To understand how metazoan cells function in the context of the tissue in which they reside requires an understanding of the myriad signal transduction pathways that operate both within and between cells. Classical biochemical techniques have revealed many of the signaling elements and their mode of action within a pathway;however, such techniques are unable to visualize the activation state of a signaling pathway in vivo. Recently, the combined use of advanced optical techniques, used in conjunction with engineered fluorescent protein probes, have opened up the possibility of directly visualizing the activation state of a signaling pathway. We propose to develop a generally applicable toolkit for studying the activation of Rho-family GTPase pathways in the context of intact tissues or organisms. The tools consist of a set of optimized fluorescent probes for visualizing when a GTPase becomes activated, when it binds to a cognate effector and how a signaling complex may be formed. Binding is detected optically with multiphoton microscopy by fluorescence lifetime analysis to reveal the presence of Fvrster resonant energy transfer (FRET). Analysis algorithms for obtaining spatial lifetime maps indicating localized regions of signal activation will be generated and refined. Novel techniques using polarization anisotropy decay measurements for detecting associations of GTPases upon activation and also the formation of large signaling complexes will be developed. We anticipate that the methods we are proposing will facilitate the application and reproducibility of FRET measurements for many in vivo signaling studies.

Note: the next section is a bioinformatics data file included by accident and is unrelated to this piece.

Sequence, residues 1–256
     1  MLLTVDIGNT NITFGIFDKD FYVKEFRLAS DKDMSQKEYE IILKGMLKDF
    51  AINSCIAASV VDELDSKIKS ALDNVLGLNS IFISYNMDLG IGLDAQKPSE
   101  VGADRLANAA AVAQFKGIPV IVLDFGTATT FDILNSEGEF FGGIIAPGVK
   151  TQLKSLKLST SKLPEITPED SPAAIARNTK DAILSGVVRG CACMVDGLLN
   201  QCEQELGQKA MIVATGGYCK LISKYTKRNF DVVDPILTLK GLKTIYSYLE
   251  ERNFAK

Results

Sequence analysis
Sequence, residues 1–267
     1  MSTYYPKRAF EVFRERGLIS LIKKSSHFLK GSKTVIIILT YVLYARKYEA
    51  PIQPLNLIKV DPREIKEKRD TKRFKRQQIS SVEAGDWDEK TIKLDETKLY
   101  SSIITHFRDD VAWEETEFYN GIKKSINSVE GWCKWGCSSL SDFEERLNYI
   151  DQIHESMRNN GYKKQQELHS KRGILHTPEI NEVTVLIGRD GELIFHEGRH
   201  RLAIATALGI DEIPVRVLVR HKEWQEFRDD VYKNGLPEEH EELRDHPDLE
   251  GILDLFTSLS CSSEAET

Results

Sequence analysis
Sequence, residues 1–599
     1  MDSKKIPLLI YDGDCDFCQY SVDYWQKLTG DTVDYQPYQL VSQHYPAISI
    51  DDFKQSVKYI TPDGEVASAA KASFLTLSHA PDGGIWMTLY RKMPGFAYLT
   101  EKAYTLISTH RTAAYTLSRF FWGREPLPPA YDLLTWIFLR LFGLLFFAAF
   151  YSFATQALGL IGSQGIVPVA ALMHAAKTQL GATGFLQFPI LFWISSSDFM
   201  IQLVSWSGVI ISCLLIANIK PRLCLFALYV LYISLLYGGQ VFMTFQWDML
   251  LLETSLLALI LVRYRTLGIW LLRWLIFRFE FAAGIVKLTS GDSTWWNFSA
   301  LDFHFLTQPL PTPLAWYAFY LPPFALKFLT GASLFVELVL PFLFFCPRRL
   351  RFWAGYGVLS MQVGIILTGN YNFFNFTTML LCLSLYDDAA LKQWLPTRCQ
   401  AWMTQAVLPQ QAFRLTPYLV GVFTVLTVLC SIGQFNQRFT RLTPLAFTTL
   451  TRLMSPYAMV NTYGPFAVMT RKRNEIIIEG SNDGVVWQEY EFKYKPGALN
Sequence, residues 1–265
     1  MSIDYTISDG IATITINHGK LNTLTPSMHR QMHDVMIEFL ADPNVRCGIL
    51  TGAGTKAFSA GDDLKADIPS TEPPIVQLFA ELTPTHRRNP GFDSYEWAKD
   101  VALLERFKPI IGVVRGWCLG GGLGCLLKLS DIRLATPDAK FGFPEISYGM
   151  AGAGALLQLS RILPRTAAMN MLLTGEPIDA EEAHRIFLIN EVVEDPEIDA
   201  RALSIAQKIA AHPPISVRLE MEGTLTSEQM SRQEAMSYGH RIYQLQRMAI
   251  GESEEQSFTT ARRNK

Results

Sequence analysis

Public Health Relevance

The development of robust FRET-based advanced imaging approaches could enhance considerably our knowledge of inter- and intra-cellular signaling particularly in regards to cancers such as breast cancer. FRET-based methods could help elucidate underlying mechanisms behind cancer onset and progression and help identify future targets for treatment.

National Institute of Health (NIH)
National Institute of Biomedical Imaging and Bioengineering (NIBIB)
Exploratory/Developmental Grants (R21)
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Microscopic Imaging Study Section (MI)
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Conroy, Richard
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University of Wisconsin Madison
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United States
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